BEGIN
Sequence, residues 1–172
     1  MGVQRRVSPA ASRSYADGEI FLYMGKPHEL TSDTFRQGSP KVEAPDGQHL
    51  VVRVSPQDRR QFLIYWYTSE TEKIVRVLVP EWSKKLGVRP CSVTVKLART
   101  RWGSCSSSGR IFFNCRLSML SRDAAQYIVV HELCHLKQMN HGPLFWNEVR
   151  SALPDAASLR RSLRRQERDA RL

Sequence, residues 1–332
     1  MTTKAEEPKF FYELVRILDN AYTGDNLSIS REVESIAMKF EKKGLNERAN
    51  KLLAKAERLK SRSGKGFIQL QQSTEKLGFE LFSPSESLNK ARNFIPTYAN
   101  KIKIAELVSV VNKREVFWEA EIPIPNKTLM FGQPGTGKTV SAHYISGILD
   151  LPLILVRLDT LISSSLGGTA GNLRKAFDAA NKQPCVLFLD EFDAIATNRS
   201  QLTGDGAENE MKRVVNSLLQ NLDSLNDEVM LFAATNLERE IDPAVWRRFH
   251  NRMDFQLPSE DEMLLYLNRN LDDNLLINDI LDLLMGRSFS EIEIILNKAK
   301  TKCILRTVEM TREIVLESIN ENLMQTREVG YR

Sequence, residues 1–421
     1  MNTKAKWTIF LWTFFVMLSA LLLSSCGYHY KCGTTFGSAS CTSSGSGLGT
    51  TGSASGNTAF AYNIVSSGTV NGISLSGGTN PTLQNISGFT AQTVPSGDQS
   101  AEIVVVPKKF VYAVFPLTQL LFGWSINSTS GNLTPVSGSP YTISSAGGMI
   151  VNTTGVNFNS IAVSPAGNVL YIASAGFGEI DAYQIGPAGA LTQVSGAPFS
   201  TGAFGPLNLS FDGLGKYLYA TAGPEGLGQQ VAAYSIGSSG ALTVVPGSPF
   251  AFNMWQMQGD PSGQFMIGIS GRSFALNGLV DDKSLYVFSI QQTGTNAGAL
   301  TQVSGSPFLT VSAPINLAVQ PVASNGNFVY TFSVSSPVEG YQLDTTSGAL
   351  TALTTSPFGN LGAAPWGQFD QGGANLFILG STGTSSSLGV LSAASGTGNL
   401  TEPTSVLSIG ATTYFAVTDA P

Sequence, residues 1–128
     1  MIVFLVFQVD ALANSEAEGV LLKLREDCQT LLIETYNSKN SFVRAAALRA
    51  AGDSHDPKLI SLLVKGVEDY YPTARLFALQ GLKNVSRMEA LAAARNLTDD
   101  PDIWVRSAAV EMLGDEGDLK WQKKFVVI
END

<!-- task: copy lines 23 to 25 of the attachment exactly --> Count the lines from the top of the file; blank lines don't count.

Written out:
   401  TEPTSVLSIG ATTYFAVTDA P

Sequence, residues 1–128
     1  MIVFLVFQVD ALANSEAEGV LLKLREDCQT LLIETYNSKN SFVRAAALRA